The relevance of empirical findings on voting patterns for the analysis of dworkin’s criticism of legal positivism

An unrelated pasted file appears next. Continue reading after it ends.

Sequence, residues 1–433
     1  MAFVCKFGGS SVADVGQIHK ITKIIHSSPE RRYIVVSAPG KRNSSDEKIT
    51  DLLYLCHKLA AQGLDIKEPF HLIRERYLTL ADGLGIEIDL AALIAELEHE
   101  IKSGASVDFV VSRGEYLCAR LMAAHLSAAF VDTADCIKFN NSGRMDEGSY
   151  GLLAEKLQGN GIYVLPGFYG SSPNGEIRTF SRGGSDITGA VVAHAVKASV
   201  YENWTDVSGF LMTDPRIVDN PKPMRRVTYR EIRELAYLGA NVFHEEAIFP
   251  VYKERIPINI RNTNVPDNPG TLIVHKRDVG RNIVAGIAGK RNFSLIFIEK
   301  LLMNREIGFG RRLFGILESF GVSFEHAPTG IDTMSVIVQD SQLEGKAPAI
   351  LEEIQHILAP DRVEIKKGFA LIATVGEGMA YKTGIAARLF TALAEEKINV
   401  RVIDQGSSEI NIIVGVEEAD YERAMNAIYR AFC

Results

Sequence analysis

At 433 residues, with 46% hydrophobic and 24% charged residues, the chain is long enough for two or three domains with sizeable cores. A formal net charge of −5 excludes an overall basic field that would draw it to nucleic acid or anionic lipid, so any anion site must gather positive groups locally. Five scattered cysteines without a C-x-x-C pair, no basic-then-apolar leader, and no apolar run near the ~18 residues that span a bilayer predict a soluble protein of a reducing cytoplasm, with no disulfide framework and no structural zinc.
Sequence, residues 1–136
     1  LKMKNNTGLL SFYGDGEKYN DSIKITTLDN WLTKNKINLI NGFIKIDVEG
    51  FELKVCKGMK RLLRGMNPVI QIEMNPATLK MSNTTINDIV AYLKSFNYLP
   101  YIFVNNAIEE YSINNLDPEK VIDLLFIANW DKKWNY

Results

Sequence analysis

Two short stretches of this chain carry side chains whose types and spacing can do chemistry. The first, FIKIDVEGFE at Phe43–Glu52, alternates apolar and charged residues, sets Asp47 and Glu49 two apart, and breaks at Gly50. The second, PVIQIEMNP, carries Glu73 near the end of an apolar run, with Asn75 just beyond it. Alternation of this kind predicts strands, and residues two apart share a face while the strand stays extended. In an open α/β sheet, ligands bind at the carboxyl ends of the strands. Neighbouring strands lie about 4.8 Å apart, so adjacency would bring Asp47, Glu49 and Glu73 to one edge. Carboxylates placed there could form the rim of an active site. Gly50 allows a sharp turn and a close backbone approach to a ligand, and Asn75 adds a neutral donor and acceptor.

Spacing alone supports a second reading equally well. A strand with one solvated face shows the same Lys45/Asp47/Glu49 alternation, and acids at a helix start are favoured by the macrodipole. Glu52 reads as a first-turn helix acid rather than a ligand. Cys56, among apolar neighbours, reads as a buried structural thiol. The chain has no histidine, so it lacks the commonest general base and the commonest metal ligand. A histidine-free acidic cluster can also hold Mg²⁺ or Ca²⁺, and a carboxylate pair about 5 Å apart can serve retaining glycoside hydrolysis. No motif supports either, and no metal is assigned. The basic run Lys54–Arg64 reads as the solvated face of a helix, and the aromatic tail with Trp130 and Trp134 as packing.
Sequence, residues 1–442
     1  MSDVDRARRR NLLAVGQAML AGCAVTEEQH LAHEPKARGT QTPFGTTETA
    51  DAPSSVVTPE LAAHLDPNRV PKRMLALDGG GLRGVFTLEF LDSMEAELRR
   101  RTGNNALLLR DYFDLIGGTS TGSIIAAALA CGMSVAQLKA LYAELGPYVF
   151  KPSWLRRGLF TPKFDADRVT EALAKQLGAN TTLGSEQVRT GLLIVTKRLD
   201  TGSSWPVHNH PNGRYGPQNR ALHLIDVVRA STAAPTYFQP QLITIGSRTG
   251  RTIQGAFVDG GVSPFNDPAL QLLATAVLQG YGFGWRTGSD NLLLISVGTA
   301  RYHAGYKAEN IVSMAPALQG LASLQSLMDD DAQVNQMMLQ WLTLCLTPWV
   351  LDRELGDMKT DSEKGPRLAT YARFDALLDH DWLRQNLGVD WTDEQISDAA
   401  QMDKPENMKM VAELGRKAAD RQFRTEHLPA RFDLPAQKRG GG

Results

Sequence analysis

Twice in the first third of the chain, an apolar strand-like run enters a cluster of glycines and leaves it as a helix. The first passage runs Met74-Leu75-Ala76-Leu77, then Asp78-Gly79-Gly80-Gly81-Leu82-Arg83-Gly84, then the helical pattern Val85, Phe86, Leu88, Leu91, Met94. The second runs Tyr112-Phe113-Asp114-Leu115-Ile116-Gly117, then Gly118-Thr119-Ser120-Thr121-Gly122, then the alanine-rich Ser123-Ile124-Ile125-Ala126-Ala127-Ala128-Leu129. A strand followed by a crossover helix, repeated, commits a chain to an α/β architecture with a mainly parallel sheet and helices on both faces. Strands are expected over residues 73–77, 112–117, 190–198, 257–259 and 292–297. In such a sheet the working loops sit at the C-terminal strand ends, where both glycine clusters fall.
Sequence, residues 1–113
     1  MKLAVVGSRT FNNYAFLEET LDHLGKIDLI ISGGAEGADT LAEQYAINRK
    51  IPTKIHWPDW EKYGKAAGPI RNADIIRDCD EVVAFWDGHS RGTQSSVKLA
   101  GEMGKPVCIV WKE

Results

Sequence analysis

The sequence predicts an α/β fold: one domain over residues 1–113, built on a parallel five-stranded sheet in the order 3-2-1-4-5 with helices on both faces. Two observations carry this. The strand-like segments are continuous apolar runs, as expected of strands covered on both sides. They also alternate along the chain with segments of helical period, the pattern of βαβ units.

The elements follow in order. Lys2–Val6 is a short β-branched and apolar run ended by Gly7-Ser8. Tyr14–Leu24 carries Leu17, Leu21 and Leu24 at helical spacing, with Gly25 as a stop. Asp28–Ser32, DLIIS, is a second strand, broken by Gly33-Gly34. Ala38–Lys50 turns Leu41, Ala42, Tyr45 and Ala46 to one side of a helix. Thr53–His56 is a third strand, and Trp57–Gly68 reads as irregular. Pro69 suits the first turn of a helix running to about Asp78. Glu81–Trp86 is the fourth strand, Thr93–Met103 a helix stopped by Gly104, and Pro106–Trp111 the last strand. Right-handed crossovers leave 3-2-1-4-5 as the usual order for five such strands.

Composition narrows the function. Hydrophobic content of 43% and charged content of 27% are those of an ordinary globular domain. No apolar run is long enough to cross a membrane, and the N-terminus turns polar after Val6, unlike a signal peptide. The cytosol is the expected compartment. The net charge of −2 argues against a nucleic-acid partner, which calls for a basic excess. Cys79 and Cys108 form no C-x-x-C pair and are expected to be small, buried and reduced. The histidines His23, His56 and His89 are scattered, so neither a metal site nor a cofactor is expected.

The article uses the literature on empirical findings on panel effects and dissent aversion in order to criticize Dworkin’s conception of legal interpretation and to support Kelsen’s theory of the legal frame and his assertion that legal interpretation consists of an act of cognition and an act of will. Dworkin’s view of discretion as usually absent from the practice of legal interpretation is confronted through the presentation and analysis of research on dissent aversion and panel effects that indicate the pervasive influence of non-legal aspects in the interpretative patterns shown by circuit court judges. The identified interpretative patterns are also referred to in order to support Kelsen’s conception of legal interpretation as involving both the identification of a legal frame and a subsequent act of will that consists of the selection that is not cognitively based of one of the available options.
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